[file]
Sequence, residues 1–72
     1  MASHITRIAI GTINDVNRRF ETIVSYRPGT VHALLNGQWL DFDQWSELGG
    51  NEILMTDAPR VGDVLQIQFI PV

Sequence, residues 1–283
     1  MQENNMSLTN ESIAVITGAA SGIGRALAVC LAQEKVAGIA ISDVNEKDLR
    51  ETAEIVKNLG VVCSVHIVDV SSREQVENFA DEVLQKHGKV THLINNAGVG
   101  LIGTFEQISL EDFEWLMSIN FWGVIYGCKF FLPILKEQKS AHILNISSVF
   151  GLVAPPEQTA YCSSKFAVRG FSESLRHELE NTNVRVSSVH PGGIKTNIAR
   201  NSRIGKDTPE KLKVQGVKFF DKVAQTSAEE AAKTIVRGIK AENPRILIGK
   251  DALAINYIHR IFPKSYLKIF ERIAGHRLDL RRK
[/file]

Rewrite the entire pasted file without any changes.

Sequence, residues 1–72
     1  MASHITRIAI GTINDVNRRF ETIVSYRPGT VHALLNGQWL DFDQWSELGG
    51  NEILMTDAPR VGDVLQIQFI PV

Sequence, residues 1–283
     1  MQENNMSLTN ESIAVITGAA SGIGRALAVC LAQEKVAGIA ISDVNEKDLR
    51  ETAEIVKNLG VVCSVHIVDV SSREQVENFA DEVLQKHGKV THLINNAGVG
   101  LIGTFEQISL EDFEWLMSIN FWGVIYGCKF FLPILKEQKS AHILNISSVF
   151  GLVAPPEQTA YCSSKFAVRG FSESLRHELE NTNVRVSSVH PGGIKTNIAR
   201  NSRIGKDTPE KLKVQGVKFF DKVAQTSAEE AAKTIVRGIK AENPRILIGK
   251  DALAINYIHR IFPKSYLKIF ERIAGHRLDL RRK